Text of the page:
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What are your newsletter plans for 2020?

Anna from Revue
Anna from Revue
Hey, it’s Mark from Revue, the new year is in full swing, and so are we. Quite fittingly we’ll start 2020 with issue number 22 😎
The beginning of the year is also the time when people make plans - New Year’s resolutions, setting yearly objectives, or reviewing the strategy. While strategy always sounds like hordes of consultants 👩‍💼 descending on newsrooms to do months of market research 🗒️, it doesn’t have to be that complicated.
Actually, there are a few great newsletter strategy frameworks that only take about an hour to complete ⏰ and can really help you to regain that focus 👓 needed for your newsletter to thrive, or to finally launch 🚀 that newsletter you’ve been pondering.
Feel free to reply if you’ve worked out your strategy and would like feedback. Happy to review it.

Newsletter strategy frameworks
One great newsletter planning framework was developed by Lauren BraceyScheidt while reviewing NPR’s newsletter lineup. It’s called the “Newsletter Identity Exercise” and intended for starting newsletters, but also very useful for reviewing strategy.
It’s basically a series of questions that force you to think through who your newsletter is for and how to make sure it provides value for them. Some examples of the questions are:
Who are your newsletter subscribers? What audience will this newsletter serve?
Where does this audience hang out? Where do they get their news?
What content and format will best serve this audience?
What does success look like in 6 months?
Who is responsible for getting this newsletter done, day after week after month? How does this fit into your team’s workflow?
There’s are very convenient Google doc that you can use as a template and that has great examples of how you could answer the questions.
Another great framework is the Opt-In tool developed by Tamara Power-Drutis and Sangeeta Singh-Kurtz for Crosscut Public Media and the Reynolds Journalism Institute.
Opt-In is an online tool that starts by asking you if you want to start a new newsletter or optimize an existing one. If you decide to optimize an existing one, it will let you pick the problems you are trying to solve such as:
Low open rate? Low click rate? Low read rate?
Low subscription rate? High unsubscribe rate?
Low conversion to paying subscriber/member?
Low delivery? High spam/blacklist rating?
Low advertiser interest? Low sponsor interest?
We don’t know what our subscribers want?
From here it takes you through the necessary steps to identify areas of improvement and how to tackle them. It will take about an hour to complete and lets you log in to save your work and continue later. It’s available at https://optin.crosscut.com/
The last option is somewhat broader, aimed at defining an audience rather than just a newsletter. It was created by Sarah Marshall, head of audience at Vogue.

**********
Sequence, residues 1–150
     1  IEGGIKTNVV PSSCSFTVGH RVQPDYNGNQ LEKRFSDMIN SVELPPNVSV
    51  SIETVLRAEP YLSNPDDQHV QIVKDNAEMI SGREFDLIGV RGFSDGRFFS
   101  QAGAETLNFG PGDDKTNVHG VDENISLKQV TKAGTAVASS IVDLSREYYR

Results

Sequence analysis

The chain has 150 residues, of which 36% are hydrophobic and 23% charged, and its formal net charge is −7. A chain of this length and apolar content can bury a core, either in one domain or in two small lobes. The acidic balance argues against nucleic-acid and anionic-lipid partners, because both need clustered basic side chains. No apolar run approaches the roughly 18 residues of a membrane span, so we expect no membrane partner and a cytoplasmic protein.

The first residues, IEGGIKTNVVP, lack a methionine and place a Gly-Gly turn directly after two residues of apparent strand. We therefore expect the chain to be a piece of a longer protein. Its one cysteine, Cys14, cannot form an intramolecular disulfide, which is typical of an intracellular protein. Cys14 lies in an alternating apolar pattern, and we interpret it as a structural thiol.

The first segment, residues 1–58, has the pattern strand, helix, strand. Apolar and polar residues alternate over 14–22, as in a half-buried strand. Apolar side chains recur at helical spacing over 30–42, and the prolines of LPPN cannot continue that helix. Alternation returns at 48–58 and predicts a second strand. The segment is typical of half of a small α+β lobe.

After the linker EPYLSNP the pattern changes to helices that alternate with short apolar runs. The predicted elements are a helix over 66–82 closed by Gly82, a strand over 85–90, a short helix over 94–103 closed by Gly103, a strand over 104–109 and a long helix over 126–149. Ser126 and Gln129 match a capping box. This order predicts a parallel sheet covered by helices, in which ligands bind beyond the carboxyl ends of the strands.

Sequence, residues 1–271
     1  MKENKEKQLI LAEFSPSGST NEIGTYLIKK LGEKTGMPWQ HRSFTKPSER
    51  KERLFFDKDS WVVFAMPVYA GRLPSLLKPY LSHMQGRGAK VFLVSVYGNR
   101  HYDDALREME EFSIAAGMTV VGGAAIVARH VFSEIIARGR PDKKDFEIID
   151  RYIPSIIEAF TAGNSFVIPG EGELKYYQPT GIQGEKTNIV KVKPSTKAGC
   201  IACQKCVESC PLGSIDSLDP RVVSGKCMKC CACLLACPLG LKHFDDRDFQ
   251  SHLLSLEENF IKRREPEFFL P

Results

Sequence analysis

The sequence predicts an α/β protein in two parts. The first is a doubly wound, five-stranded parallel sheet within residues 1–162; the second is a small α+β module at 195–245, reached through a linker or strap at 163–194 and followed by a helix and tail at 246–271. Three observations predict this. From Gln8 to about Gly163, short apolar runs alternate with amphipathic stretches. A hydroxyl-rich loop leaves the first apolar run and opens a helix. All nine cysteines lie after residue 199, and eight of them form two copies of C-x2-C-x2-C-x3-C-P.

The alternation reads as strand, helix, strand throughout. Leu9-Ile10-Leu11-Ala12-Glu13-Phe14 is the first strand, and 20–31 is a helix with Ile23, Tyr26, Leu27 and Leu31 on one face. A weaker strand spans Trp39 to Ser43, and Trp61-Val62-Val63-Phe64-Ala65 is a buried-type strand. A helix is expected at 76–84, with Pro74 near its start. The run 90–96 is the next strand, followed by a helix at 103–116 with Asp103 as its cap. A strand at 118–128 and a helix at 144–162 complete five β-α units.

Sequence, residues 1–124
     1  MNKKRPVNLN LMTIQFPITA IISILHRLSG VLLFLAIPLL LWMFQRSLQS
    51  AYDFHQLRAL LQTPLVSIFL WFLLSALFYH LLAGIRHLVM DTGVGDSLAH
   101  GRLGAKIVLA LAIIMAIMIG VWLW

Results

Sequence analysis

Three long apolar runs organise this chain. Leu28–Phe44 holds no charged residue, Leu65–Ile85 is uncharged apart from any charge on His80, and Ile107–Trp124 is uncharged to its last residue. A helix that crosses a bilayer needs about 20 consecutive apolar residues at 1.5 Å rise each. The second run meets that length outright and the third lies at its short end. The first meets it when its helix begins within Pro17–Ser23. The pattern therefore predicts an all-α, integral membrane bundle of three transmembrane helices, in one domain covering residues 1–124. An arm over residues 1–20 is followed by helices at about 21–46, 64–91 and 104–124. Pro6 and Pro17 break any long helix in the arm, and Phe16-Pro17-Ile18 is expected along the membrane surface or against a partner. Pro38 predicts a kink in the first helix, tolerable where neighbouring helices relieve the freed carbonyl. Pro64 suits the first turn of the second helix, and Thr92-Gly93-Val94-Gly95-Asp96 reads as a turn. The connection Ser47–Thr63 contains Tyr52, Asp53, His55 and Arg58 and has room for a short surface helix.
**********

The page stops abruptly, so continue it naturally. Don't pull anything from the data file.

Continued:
It looks a lot like the lean canvas for creating companies and is intended to be a group exercise where participants go through a series of questions about an audience:
1. Who are they?
2. What do they think about?
3. How does it matter?
4. Where do they spend their time?
5. When do they consume?
The canvas template and instructions can be found in this Google presentation.
The week in newsletters
It was a slow week in terms of news about newsletters 💤. So since you’re always asking for suggestions for great newsletters, here are four Twitter threads with just that 💌 Click on the Twitter image or handle to open the thread.
Polina’s tweet is from July, but she writes both the amazing Termsheet and Profile newsletters, so there are lots of replies.
Polina Marinova
What are the best non-business newsletters you read?
Next in chronological order is our own tweet from December with lots of suggestions by readers of TWiN. I summarized some of them in issue #20, but more have been added in the meantime. Feel free to add yours if you haven’t done that yet.
Revue
It’s that time of the year again 🎉. So please let us know what your favourite 💌 newsletter was of 2⃣0⃣1⃣9⃣.

Any topic is fair game except your own. Looking forward to lots of great suggestions 👀.
Two other recent tweets with more great newsletters, mostly from the founder / maker communities.
Mike Maples, Jr
Hey founders: What is your favorite email newsletter?
Trent Hawthorne
What's the best email newsletter you subscribe to, and why?
Hello. We're Revue.
Revue is an editorial newsletter tool for writers and publishers.
We publish this weekly update and a blog for newsletter editors and audience managers.
I would love to hear from you if you have any questions or suggestions about this newsletter, Revue, or your own newsletter. Just hit reply or send an email to mark@getrevue.co.
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Anna from Revue
Anna from Revue @revue

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